By The Rev. Sherry Crompton

August 15, 2010

Read: Luke 12:49-56

“You think I have come to bring peace to the world” Jesus begins. “I have not come to bring peace, but division. Because of me, households will be divided. Son’s will argue with their fathers. Daughters will disagree with their mothers. Good friends will be at odds with one another. And all because of me.”

That message bothers many of us. It bothers us because our perception of Jesus is that he has called people to come together in unity and agreement. One of his names is “The Prince of Peace.” One of the recurring themes of the first century church is “that they will know we are Christians by our love.” But now Jesus’ words seem to run contrary to all of that. Not unity, but division. Not peace, but the sword.

I believe that it is basic human nature to want to live at peace and agreement with others. In spite of the fact that the world is filled with so much discord and disagreement, I believe that the majority of us do not want to rock the boat. If you think back to the most enjoyable and fulfilling times in your family, or in your workplace, or even in this church, they will probably be times when everybody was getting along and there was no conflict or division. That’s a beautiful thing.

But the problem comes when people seek peace at the expense of principle. When our goal becomes to simply get along, when our goal is just to not make waves, that often leads to abandoning who we are and what we stand for. I think it was Bill Cosby who once said “I don’t know the secret to success, but the secret to failure is trying to make everybody happy.”

My friend shares a camp story from several years ago and saw this very truth unfold in a simple way. A teenage girl was torn between two sets of friends. Some of them were sunbathing on the dock, saying to her “stay with us.” But her other friends were in a rowboat saying “no, come with us.” There she stood, one foot on the dock, the other foot on the edge of the boat, and the boat was moving. Trying to appease everyone, trying to not decide, she ended up falling into the water; and worse, her hair got wet!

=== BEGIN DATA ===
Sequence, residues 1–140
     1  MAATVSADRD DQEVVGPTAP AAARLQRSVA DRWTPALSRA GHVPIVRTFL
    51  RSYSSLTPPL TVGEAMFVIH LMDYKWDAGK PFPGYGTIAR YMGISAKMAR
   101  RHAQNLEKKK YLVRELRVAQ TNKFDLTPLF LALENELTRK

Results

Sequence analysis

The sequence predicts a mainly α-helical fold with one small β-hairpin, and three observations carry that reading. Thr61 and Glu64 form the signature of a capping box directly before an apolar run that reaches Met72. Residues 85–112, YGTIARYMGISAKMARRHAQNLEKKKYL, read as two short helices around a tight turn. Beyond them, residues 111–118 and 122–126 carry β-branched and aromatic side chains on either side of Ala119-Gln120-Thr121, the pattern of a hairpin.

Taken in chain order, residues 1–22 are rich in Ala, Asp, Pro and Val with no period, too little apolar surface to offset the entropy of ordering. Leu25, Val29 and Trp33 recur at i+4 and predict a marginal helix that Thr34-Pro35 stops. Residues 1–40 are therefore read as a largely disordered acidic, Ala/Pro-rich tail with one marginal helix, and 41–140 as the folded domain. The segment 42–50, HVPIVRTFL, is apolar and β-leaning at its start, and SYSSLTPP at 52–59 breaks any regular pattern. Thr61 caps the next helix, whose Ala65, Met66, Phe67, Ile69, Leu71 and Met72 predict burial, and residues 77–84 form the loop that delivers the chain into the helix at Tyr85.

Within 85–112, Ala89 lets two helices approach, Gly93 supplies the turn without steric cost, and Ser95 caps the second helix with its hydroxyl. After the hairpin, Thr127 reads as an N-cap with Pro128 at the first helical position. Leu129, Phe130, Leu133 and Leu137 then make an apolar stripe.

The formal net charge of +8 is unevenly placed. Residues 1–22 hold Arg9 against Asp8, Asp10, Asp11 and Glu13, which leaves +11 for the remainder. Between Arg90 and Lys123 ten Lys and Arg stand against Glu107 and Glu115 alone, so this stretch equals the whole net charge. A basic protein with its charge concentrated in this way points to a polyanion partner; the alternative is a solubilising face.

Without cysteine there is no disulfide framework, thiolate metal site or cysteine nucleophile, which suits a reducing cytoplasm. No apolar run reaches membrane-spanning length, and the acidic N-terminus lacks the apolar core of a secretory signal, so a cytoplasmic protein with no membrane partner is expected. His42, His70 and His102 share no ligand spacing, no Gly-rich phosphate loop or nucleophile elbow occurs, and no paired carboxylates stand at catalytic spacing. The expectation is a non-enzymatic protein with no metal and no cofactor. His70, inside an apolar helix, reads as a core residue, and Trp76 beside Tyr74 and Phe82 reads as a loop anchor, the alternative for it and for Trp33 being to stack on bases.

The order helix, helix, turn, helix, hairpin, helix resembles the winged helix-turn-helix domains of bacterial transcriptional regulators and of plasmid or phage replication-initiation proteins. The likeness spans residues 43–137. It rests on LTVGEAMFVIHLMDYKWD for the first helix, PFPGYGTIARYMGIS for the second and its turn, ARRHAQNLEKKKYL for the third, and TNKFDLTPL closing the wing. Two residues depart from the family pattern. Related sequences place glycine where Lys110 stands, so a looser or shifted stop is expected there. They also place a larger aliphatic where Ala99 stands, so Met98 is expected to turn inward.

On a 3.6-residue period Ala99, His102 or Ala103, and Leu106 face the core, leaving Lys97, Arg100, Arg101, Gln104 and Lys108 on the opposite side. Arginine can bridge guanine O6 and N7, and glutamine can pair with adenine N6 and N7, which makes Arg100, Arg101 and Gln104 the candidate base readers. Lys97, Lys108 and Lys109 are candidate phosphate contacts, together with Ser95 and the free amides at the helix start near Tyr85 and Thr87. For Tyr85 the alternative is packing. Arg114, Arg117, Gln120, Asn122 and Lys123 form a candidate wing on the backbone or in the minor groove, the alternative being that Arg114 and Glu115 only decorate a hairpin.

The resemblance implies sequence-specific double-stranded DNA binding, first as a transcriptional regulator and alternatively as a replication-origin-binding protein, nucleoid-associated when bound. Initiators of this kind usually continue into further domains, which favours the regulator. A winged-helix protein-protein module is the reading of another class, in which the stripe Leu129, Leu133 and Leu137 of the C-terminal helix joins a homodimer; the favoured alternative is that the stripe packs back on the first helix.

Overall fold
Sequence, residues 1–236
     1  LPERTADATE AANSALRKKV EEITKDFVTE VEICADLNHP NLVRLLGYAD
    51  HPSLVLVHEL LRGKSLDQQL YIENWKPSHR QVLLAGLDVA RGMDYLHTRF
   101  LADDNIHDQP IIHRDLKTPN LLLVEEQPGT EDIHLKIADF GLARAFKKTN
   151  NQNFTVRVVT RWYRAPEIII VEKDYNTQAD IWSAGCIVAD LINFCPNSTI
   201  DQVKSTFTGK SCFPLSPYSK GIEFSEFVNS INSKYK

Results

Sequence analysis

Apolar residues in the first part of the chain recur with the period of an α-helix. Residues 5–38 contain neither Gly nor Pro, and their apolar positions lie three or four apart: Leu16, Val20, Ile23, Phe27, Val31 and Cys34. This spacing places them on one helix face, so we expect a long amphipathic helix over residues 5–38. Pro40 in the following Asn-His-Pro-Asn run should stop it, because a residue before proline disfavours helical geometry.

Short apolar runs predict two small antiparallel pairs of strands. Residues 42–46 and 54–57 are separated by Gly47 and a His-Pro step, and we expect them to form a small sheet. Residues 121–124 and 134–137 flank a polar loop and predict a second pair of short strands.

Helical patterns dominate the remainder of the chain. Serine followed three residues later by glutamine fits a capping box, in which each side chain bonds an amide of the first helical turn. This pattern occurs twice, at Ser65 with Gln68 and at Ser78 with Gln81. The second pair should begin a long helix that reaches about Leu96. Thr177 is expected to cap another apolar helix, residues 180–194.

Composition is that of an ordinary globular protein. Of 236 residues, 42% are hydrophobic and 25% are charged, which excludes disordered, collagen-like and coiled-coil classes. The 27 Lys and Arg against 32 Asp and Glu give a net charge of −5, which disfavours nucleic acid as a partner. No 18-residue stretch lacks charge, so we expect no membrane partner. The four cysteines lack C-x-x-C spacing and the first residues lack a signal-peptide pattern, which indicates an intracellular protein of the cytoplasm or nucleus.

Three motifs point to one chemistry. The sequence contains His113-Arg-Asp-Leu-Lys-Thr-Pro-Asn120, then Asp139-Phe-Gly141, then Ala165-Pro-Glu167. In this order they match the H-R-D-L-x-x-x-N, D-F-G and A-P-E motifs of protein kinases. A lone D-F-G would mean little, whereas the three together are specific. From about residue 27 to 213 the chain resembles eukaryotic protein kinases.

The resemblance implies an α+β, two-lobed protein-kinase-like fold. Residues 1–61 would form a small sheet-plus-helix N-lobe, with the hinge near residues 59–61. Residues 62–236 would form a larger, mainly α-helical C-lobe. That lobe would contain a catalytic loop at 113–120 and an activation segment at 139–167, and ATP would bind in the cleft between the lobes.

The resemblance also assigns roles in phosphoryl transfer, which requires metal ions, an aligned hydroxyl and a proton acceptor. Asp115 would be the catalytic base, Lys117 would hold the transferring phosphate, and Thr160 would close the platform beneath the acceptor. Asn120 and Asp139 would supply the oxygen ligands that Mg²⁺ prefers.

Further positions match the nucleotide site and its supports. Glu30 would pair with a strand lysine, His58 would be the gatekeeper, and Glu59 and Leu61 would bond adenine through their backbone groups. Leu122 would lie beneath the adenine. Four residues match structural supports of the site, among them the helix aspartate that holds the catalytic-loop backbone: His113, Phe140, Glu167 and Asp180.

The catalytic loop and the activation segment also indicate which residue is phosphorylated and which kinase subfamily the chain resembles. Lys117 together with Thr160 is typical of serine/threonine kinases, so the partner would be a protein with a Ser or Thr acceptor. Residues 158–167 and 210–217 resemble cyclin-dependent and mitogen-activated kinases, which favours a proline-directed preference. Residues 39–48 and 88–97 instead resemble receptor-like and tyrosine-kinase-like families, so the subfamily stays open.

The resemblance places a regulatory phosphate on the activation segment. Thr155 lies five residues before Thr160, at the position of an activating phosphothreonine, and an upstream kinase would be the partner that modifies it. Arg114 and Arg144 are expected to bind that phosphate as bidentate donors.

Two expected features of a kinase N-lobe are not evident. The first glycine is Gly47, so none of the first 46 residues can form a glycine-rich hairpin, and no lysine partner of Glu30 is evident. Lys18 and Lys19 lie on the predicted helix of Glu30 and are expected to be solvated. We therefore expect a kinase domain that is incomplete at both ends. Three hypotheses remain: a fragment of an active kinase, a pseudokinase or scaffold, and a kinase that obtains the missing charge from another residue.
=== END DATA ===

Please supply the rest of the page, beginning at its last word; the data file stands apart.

But I think this is what Jesus is addressing in the gospel lesson today. He is warning us that there will be times when following him will require us to turn away from something else. There will be times in this life when we will be required to say “yes” to one thing, and therefore “no” to the other. And of course, the action we most often take is the same one that girl did on the swimming dock. We try to go in both directions. We try to say “yes” to it all, and we end up falling in between the seams, and being miserable.

Now…is the choice an easy one, the choice between following the call of Christ and following the call of the world? The choice is usually not an easy one. For one thing, the call of the world looks awfully attractive sometimes, and the call to discipleship can sometimes look rather bland. There was a bible camp song that went something like this: Yield not to temptation, although yielding is fun!” It’s true; yielding can be fun.

A second factor is that following Christ might require us to change directions — or break promises — or renege on commitments that we have made. You and your business partner are involved in practices that are unethical, until you decided that you cannot go along in that direction anymore. Your conscience and your faith will simply not allow you to do so. What do you do? Keep the peace and the profit? Or do you become a prophet and say “no more!”